You think elections are stressful? They’re nothing compared to the threats faced every day by blind mole rats. According to Eviatar Nevo, from the University of Haifa, quoted in Nature News,

These animals are subject to terrific stresses underground: darkness, scarcity of food, immense numbers of pathogens and low oxygen levels. So they have evolved a range of mechanisms to cope with these difficulties.

One of these mechanisms is resistance to cancer. That’s right: blind mole rats and their subterranean cousins, naked mole rats, are the only mammals known never to develop cancer.

Three years ago, a team of researchers published a study of how naked mole rats avoid the disease. In these animals, cancerous cells get claustrophobic and stop multiplying. The research found that a specific gene—p16—makes the cancerous cells in naked mole rats hypersensitive to overcrowding, and stops them from proliferating when too many crowd together.

Scientists figured it would be the same in blind mole rats. Nope!

A paper published this week in the Proceedings of the National Academy of Sciences finds that precancerous cells in blind mole rats commit suicide!

The researchers isolated cells from the animals, grew them on a culture plate, and forced them to proliferate in numbers beyond what occurs in the animal. After dividing approximately 15-20 times, all of the cells died rapidly. The researchers determined that the rapid death occurred because the cells recognized their pre-cancerous state and began secreting a suicidal protein, called interferon beta. The protein kills both abnormal cells and their neighbors, resulting in a “clean sweep.”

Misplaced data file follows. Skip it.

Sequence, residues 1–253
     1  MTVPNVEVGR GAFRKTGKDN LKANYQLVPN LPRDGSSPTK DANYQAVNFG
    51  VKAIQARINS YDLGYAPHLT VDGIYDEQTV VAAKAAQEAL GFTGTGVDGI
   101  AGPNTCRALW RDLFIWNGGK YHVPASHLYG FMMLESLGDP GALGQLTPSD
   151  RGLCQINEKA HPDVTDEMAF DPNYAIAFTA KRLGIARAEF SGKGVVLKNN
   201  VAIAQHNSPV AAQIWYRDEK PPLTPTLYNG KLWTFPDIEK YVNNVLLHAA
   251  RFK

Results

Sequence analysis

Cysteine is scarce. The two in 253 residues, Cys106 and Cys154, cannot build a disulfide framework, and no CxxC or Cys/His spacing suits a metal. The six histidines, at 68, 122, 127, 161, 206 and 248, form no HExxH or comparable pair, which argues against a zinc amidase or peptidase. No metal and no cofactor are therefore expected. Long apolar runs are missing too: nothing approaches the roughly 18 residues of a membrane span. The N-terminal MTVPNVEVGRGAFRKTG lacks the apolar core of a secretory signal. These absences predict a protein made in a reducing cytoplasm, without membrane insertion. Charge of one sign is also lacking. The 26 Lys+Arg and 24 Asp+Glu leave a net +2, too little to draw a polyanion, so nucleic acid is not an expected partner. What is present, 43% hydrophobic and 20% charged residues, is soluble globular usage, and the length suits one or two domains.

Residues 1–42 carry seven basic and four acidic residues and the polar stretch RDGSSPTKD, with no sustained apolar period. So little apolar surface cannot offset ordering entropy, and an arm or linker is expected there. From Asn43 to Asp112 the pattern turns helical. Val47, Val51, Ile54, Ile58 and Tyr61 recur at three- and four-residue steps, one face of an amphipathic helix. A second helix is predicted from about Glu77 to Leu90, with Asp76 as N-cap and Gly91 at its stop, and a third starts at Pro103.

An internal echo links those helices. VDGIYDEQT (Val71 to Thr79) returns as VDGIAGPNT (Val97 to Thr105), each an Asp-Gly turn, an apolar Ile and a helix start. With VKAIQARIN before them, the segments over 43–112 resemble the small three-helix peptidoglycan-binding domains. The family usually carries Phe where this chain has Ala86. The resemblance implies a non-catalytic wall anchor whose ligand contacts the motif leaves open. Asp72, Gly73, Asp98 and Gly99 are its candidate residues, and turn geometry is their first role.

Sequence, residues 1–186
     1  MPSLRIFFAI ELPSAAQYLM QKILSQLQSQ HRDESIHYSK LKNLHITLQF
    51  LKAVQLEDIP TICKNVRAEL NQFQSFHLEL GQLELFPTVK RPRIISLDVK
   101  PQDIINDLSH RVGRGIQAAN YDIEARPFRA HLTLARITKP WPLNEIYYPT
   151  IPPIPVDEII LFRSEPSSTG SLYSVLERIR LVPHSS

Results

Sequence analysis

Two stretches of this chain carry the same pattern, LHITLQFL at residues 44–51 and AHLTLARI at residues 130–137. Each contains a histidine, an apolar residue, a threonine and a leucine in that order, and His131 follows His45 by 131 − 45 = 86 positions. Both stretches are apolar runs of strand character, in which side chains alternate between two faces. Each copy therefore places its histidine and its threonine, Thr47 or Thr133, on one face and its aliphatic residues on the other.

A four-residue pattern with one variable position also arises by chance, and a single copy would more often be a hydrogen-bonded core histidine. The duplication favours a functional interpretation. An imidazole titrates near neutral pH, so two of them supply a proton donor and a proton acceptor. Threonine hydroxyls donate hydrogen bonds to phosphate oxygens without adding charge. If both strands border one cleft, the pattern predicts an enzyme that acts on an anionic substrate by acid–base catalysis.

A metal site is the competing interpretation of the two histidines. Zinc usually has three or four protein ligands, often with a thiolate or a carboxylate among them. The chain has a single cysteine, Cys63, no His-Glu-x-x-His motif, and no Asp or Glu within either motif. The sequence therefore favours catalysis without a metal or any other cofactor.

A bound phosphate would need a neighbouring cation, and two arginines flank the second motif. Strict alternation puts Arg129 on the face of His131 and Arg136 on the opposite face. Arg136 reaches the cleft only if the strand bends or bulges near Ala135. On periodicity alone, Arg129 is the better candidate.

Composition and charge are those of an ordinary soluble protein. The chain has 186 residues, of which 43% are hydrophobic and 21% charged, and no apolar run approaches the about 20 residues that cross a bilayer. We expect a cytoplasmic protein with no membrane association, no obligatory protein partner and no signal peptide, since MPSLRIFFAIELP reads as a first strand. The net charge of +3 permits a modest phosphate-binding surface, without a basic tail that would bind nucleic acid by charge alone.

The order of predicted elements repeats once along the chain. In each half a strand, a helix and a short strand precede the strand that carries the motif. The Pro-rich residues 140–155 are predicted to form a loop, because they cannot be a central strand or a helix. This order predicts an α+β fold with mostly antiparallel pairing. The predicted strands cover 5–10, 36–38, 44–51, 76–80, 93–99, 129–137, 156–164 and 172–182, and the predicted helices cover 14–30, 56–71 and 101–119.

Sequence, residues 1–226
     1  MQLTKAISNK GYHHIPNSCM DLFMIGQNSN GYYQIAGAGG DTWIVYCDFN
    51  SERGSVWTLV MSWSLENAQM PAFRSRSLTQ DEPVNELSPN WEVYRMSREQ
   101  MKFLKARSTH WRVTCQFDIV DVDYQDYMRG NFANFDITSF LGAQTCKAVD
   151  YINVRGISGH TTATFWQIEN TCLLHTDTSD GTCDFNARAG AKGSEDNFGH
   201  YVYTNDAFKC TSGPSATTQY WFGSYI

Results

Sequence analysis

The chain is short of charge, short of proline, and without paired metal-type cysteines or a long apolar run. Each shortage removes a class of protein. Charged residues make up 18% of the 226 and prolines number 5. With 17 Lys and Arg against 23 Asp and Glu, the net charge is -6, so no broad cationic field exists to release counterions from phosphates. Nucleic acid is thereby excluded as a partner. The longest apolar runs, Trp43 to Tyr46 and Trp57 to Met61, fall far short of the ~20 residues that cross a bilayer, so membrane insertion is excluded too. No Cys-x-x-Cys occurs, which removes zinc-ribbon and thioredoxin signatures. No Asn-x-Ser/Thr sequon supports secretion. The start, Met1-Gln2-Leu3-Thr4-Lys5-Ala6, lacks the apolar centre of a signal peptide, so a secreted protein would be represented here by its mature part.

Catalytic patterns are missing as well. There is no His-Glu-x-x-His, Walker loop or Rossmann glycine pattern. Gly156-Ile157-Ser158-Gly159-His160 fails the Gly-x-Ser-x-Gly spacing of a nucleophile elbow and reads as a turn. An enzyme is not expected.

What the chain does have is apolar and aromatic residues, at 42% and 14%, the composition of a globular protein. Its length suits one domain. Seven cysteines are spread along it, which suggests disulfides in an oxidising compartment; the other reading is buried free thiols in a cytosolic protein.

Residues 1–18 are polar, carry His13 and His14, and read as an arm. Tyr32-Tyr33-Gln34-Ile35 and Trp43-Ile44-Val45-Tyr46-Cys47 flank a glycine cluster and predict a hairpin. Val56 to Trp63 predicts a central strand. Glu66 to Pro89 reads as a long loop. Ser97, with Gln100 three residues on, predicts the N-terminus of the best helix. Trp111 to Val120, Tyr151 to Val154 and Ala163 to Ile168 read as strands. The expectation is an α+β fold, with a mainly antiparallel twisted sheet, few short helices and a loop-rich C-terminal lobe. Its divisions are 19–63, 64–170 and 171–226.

“Not only were the cancerous cells killed off, but so were the adjacent cells, which may also be prone to tumorous behavior,” says co-author Andrei Seluanov of the University of Rochester.

Lead author Vera Gorbunova, also of the University of Rochester, believes the anti-cancer mechanism evolved as an adaptation to subterranean life. “Blind mole rats spend their lives in underground burrows protected from predators. Living in this environment, they could perhaps afford to evolve a long lifespan, which includes developing efficient anti-cancer defenses.

“While people don’t use the same cancer-killing mechanism as blind mole rats, we may be able to combat some cancers and prolong life if we could stimulate the same clean sweep reaction in cancerous human cells,” says Gorbunova.

Image: University of Rochester

Share This